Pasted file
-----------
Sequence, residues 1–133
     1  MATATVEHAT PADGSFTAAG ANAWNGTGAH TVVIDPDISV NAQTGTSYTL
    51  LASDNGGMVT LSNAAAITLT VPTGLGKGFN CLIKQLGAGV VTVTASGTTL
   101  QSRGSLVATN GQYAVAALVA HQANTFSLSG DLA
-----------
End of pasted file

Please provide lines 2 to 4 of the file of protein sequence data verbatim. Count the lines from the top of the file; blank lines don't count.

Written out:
     1  MATATVEHAT PADGSFTAAG ANAWNGTGAH TVVIDPDISV NAQTGTSYTL
    51  LASDNGGMVT LSNAAAITLT VPTGLGKGFN CLIKQLGAGV VTVTASGTTL
   101  QSRGSLVATN GQYAVAALVA HQANTFSLSG DLA